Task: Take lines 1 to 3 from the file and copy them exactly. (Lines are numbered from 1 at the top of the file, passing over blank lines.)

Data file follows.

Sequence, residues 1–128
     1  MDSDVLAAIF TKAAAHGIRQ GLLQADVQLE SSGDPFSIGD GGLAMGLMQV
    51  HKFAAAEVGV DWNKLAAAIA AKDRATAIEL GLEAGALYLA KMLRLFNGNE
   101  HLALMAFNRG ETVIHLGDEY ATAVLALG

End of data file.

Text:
Sequence, residues 1–128
     1  MDSDVLAAIF TKAAAHGIRQ GLLQADVQLE SSGDPFSIGD GGLAMGLMQV
    51  HKFAAAEVGV DWNKLAAAIA AKDRATAIEL GLEAGALYLA KMLRLFNGNE